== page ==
For a musical drama that hits virtually every trope of the well-worn underdog-singer subgenre, The Sapphires presents its familiar story in such a way that it's easy to forgive that sneaking sense of déjà vu that starts to creep in from the very first time Aboriginal sisters Gail (Deborah Mailman), Cynthia (Miranda Tapsell), and Julie (Jessica Mauboy) take the stage before an audience of tough -- and vocally racist -- critics. Inspirational, socially conscious, and gently humorous, the first feature from veteran actor-turned-director Wayne Blair works primarily due to the natural chemistry shared between the onscreen sisters and their charming co-star Chris O'Dowd, and in part because it transplants the standard story to an unusual setting that lends it some satisfying tension, even if there's little doubt that no actual harm will come to the characters.
Gail, Cynthia, and Julie are three singers in late-'60s Australia with an abundance of passion and plenty of raw talent. Recognizing something special in the way the girls perform a Merle Haggard tune at a small-town talent show, emcee Dave (Chris O'Dowd) gets them an audition to perform for American soldiers in Vietnam, and shapes them into a Motown-inspired soul group. On the way to their audition in Melbourne, the girls manage to recruit their long-lost sister Kay (Shari Sebbens) and turn the trio into a quartet. With Dave as their backup, they succeed in getting their big break. But upon arriving in Vietnam -- where handsome soldiers abound and death has become part of the daily routine -- the sheltered young singers witness sights their peaceful upbringing in the Outback never prepared them for. Meanwhile, hard-drinking Dave finds himself falling for Gail as tensions between the protective elder sibling and her estranged sister Kay come to a head, and a crucial performance before their largest crowd to date finds the Sapphires forced to face their greatest fear.
For a film dealing with such heated topics as racism and the Vietnam War, The Sapphires remarkably manages to maintain an unexpectedly buoyant tone without shortchanging the story's more sober undercurrents. Even before they introduce us to the sisters, screenwriters Tony Briggs and Keith Thompson offer up a brief history of the deplorable racism experienced by the native Australian population (who were shockingly classified as flora and fauna rather than human beings by early British settlers), including the so-called "Stolen Generation" -- which consisted of fair-skinned Aboriginal children who were forcefully taken from their homes and groomed to thrive in white society. This admittedly brief bit of context not only goes a long way toward helping non-Australians understand the social climate of the country at the time the events unfolded, but also serves as a solid setup for one of the story's most dramatic revelations late in the film. Though in many ways it feels as if Briggs and Thompson were essentially painting by numbers while penning the screenplay, they still succeed in making us care about the girls by giving them distinct personalities that slowly emerge though interactions with their romantic interests, their amiable manager, and each other.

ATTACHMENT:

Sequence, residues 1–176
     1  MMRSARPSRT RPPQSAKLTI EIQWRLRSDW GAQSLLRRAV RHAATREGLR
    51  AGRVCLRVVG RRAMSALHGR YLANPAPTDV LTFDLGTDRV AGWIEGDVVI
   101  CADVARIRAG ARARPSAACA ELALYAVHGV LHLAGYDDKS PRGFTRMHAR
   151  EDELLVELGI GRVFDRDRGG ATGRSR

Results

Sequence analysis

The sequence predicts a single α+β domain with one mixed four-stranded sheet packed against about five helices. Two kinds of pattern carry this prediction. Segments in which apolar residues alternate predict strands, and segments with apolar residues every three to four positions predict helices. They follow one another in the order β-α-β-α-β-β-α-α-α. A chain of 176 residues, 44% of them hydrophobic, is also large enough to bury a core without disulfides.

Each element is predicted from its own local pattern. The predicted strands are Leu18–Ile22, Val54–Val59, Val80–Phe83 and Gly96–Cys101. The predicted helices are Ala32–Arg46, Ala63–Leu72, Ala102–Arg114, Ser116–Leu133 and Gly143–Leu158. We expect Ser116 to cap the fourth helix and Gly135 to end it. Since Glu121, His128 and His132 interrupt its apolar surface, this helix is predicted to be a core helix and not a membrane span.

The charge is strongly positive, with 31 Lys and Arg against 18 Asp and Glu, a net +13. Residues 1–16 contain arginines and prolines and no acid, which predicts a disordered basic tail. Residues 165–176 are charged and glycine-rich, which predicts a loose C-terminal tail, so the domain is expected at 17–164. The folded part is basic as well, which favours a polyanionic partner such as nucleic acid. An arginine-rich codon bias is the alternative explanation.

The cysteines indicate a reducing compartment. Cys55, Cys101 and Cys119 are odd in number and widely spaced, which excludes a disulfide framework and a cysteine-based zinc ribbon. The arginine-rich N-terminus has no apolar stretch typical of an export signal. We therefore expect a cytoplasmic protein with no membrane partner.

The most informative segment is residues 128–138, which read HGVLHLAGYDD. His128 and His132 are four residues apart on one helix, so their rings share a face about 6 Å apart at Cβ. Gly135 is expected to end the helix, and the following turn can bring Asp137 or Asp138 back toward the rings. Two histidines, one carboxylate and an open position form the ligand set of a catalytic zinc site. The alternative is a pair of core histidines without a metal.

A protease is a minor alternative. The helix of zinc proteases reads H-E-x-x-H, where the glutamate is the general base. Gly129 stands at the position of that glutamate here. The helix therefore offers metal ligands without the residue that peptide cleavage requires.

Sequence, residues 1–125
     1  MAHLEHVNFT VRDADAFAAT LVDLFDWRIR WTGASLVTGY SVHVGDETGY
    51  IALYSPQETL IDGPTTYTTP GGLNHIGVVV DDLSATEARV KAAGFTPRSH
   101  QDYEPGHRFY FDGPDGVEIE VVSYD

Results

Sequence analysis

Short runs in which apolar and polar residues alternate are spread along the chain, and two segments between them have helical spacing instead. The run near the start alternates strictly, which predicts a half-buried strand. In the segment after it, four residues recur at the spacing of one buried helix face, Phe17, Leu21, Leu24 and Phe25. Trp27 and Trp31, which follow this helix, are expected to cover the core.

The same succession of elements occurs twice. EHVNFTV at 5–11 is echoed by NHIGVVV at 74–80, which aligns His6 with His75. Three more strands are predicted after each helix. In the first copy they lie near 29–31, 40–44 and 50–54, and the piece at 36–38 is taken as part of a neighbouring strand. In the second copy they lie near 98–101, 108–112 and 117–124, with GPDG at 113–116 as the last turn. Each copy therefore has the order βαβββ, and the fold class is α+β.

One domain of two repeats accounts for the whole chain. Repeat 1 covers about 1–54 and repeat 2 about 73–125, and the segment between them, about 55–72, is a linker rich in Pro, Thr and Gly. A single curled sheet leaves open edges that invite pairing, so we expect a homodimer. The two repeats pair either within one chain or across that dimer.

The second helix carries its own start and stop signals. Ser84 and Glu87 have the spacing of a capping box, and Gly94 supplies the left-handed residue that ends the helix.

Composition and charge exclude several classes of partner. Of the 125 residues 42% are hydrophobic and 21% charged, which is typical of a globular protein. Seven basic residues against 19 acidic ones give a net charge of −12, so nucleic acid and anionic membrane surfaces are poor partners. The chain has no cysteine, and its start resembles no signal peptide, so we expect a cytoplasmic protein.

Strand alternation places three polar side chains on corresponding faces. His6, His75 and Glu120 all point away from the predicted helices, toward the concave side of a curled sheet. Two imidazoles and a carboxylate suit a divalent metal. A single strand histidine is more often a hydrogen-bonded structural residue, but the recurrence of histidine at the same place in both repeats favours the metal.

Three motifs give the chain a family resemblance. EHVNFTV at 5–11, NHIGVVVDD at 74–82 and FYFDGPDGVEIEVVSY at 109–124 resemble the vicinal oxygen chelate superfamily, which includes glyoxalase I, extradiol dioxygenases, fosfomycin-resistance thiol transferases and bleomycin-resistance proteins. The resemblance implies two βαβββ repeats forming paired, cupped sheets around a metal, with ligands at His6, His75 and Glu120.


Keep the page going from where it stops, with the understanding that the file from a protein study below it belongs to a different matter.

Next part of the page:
As the eponymous singing group, stars Mailman, Mauboy, Sebbens, and Tapsell (the latter three all being relative newcomers to the screen) display an endearingly naturalistic charm that brings their characters to life. Likewise, O'Dowd, occasionally channeling the awkward charm of his small-screen counterpart Roy from The IT Crowd, turns in a memorable performance as the flawed-but-well-meaning manager who's never forgotten how to dream, despite the disappointments life has dealt him. Both on-stage and off, the drama in The Sapphires is satisfyingly balanced, even when it might have benefitted from a bit more raw emotion. The same could be said about the singing, which occasionally sounds somewhat over-polished (especially in the case of an early scene just before the talent show, as the sisters harmonize while their mother watches on).
Despite the prosaic plot and reserved approach taken by Blair, Briggs, and Thompson, it's tough to get cynical about such a warmhearted picture that strives to tell so uplifting a story -- and really, what's the point? Few who buy a ticket for The Sapphires will be concerned with the similarities it shares with a number of other films. In fact, they're less likely to criticize those similarities than they are to find comfort in them, and in an era when we're sadly still struggling with many of the same social issues presented here, who would deny moviegoers that small, innocuous pleasure?